Martín Espada has worked as a bouncer, a primate caretaker, a door-to-door encyclopaedia salesman, a gas station attendant and a tenant lawyer. As a poet, he acts as an advocate for the Latino community in the United States, particularly the immigrant working class, from farm workers sprayed with pesticides in the field to the kitchen staff who died in a restaurant at the top of the World Trade Centre on September 11, 2001.
The Meaning of the Shovel brings together, for the first time, all of Espada’s poems about work, including several previously unpublished poems. It is a book about the emotional and often invisible landscape of labour, about ‘hard-handed men,’ ‘the rude Mechanicals: the tailor, the weaver, the tinker, the bellows-mender.’ The title poem, based on the poet’s experience of digging latrines in Nicaragua, embraces a vision of revolutionary change.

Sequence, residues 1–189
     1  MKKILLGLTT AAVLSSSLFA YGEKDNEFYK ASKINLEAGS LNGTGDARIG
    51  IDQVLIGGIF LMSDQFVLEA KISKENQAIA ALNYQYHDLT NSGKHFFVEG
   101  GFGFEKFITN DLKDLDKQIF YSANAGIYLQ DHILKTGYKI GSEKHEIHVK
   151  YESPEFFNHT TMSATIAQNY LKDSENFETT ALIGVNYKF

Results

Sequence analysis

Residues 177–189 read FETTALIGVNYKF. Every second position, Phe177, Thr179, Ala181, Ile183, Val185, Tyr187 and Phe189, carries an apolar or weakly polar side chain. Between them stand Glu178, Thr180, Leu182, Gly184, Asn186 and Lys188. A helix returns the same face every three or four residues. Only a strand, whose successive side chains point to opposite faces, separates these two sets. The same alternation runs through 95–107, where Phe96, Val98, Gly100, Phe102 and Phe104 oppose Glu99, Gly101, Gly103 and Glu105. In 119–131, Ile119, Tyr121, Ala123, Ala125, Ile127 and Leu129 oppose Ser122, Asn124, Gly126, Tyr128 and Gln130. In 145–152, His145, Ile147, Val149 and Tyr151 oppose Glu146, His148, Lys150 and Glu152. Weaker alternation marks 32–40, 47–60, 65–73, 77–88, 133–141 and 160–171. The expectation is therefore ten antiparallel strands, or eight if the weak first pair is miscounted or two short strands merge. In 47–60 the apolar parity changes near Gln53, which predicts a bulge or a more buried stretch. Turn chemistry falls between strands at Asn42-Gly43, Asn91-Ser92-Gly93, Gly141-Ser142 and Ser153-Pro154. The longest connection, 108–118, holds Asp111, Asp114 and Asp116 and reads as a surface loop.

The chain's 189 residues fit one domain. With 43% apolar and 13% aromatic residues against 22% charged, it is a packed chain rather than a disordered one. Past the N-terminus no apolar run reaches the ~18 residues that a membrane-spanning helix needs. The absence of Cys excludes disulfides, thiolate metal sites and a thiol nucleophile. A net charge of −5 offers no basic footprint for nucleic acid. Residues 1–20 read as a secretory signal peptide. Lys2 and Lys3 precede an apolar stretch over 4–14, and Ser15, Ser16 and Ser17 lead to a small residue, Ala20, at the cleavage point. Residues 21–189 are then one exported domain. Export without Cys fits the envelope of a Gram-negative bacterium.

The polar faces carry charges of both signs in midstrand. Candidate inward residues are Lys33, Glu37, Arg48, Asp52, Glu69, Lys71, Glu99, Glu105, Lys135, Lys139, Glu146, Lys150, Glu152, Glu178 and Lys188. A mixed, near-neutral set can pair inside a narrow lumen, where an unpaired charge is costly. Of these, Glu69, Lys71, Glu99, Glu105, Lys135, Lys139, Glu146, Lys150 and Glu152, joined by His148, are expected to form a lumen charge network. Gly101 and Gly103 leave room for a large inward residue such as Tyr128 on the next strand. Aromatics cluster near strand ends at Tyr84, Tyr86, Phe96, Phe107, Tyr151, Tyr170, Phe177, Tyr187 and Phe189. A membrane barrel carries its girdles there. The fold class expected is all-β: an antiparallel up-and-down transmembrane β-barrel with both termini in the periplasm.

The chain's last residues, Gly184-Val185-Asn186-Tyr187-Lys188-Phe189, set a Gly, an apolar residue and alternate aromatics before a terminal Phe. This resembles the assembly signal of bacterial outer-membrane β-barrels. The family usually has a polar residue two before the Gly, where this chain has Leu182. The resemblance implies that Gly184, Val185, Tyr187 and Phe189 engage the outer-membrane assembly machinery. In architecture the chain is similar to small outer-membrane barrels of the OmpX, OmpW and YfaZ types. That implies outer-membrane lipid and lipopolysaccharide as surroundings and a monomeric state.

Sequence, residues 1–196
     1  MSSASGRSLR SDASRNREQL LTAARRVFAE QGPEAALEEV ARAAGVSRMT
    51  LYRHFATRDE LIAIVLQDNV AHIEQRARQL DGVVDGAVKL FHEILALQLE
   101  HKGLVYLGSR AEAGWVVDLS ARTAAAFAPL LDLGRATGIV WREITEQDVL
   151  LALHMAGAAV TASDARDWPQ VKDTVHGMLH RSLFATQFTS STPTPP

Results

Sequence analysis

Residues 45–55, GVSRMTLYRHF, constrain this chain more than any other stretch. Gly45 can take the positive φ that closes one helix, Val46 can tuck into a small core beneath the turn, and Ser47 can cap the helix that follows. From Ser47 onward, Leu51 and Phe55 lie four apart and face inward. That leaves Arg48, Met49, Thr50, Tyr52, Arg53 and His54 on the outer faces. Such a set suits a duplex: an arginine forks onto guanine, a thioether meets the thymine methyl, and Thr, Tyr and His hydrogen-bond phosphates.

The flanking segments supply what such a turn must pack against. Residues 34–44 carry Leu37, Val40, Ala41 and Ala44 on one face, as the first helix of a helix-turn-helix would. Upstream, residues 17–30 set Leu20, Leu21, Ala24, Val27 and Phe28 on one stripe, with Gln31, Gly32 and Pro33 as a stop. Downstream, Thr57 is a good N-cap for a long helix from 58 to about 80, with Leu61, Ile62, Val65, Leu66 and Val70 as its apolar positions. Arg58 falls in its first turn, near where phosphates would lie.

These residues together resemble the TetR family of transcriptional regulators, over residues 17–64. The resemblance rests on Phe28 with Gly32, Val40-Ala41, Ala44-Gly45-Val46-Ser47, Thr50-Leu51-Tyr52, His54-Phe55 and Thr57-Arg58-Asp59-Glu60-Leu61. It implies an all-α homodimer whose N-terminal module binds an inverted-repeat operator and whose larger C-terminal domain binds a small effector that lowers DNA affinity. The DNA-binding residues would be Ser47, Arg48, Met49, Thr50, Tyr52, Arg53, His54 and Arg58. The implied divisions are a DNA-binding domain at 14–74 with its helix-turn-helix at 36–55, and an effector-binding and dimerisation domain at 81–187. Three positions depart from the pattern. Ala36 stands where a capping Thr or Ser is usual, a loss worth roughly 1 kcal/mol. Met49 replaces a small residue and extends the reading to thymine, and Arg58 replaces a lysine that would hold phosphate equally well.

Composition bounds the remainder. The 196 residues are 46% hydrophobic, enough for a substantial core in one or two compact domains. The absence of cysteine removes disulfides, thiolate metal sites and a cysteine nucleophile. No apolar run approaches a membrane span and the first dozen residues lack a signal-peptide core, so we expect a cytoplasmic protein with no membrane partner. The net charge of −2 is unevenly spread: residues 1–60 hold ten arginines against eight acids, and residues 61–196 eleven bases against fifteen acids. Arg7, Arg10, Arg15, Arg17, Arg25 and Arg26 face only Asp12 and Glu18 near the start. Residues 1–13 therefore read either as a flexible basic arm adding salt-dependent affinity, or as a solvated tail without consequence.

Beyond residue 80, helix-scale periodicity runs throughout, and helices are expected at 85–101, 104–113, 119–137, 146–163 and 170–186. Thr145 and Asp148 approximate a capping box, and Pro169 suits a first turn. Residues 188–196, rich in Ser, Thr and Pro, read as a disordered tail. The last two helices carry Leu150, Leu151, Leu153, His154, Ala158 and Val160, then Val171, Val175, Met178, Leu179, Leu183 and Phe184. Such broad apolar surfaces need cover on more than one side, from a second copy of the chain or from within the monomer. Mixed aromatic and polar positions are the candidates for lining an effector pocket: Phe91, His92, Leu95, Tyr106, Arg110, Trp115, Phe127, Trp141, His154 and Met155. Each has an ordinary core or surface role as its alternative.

Martín Espada has published more than fifteen books as a poet, editor, critic and translator, including The Trouble Ball, Imagine the Angels of Bread, The Republic of Poetry (a finalist for the Pulitzer Prize) and Alabanza: New and Selected Poems. He has published two previous books with Smokestack, Crucifixion in the Plaza de Armas and His Hands Were Gentle: Selected Lyrics of Victor Jara. He has received numerous awards and fellowships, among them the Shelley Memorial Award, an American Book Award, the PEN/Revson Fellowship and a Guggenheim Foundation Fellowship. Espada is a professor in the Department of English at the University of Massachusetts-Amherst.